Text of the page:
5 points
  44. That was my first suggestion....put her in a wheelchair and push her. Don't ask if you can go along, assume you can😀. I like the other ideas too.
    5 points
  45. "She is confused and cannot go alone." Rinse and repeat, throwing in the words "dementia" and "medically necessary" when needed.
    5 points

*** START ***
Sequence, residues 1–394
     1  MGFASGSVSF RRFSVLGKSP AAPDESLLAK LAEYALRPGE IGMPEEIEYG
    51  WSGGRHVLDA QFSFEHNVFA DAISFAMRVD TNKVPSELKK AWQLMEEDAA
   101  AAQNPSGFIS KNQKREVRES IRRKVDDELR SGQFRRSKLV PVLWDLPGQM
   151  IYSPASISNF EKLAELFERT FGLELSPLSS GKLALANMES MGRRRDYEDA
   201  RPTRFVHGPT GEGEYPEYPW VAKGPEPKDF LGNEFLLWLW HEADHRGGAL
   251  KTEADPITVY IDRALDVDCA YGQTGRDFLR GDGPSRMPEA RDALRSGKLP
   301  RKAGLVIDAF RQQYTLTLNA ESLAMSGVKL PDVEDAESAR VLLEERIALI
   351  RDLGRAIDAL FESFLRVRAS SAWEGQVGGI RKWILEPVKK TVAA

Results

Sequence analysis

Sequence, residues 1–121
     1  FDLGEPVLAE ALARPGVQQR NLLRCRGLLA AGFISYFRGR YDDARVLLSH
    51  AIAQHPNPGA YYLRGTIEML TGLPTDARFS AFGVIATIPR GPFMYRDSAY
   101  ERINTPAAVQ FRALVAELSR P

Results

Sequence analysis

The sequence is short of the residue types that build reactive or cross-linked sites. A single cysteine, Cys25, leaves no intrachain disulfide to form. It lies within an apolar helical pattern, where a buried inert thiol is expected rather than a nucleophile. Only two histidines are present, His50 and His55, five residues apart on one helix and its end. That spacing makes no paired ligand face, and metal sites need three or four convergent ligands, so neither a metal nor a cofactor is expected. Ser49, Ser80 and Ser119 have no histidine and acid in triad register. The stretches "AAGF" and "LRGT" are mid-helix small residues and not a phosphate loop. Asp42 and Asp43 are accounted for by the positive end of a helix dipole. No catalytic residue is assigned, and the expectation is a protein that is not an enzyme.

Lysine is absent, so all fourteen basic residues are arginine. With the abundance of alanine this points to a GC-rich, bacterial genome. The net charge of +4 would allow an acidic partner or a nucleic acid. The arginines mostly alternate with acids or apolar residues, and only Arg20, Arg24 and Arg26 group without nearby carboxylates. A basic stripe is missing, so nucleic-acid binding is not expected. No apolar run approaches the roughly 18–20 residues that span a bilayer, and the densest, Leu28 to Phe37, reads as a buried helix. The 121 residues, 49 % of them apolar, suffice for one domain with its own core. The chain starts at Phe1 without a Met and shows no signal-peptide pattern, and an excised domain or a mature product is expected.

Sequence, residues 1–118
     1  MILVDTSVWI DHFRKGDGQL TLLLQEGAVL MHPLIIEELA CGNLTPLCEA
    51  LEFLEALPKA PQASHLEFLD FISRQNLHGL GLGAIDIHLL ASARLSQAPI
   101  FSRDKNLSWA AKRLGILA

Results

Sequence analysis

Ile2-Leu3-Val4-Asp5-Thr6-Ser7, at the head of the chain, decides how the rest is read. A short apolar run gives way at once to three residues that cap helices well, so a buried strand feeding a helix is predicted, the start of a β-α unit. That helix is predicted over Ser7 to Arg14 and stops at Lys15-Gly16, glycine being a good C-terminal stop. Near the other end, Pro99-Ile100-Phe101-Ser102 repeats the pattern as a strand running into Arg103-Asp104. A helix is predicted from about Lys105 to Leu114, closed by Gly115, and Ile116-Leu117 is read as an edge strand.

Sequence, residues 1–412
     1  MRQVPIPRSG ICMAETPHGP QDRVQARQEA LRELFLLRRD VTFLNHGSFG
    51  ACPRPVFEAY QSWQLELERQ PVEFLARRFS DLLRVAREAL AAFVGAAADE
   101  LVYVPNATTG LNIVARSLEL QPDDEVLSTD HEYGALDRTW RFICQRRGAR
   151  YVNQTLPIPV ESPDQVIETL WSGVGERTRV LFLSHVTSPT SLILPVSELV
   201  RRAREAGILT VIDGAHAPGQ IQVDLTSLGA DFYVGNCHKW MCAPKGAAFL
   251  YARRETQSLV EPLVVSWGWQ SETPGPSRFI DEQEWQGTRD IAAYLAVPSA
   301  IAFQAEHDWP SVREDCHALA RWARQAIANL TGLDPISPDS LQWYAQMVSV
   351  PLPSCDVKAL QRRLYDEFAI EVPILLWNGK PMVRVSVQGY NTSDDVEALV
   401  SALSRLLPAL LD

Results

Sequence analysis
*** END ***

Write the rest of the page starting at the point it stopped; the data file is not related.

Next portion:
46. I cannot emphasize enough how much people don't talk about CSA or DV. I can not emphasize enough how poorly many people react with people defy the social conventions and talk about it. I have had people decide that because I was willing to talk about it, that I was probably lying about it. Back in 1999, I was on the student council of my college. One of the perks was that there was an office for council officers and we each had a cubicle. Having access to a computer, comfortable chair and printer on campus without having to book computer lab time meant that I was in that office a lot. Like anytime that I wasn't at work or in class, I was probably in that office. I basically used it like a locker and private study room. There was another student on the council with me named Nolan. Nolan was in a class and heard statistics about the prevalence of sexual assault and didn't believe it. So he went on and on about it in that office for a long time. He kept saying he's never met ANY women who had been raped. And I listened to him go on and on on this without anyone really challenging him. I finally just said that since he'd met me, that was a totally false statement and why would he suppose that he would know about me or anyone else because it's not like we advertise this fact broadly as a general rule? That was actually the very first time I had told a male person and the first time I had told someone who was not very close to me or a health care professional. I had had close friends in high school I never told. I had dated several young men and never told them. After that, I did mention it more but experienced the oh so fun shit of having more than one person doubt the veracity of my statements. ETA: when I told this to Nolan and whoever else happened to be in the office at the time, his reaction was one of shock. He didn’t seem to think that someone who was going to school full-time, working and was by all outward measures “successful” fit what he thought a victim would be like. As though I was supposed to be unable to recover or move forward in my life. It also came up that he was surprised because I was athletic and worked with a self defense organization. Uh, Nolan, let’s think for a moment why might self defense and punching people be my hobby? Some people are very certain that abuse and rape ruins a woman to the point that when they meet a survivor who doesn’t outwardly appear damaged or “ruined” it just doesn’t compute that that woman could be living with ongoing abuse or living in the aftermath of abuse.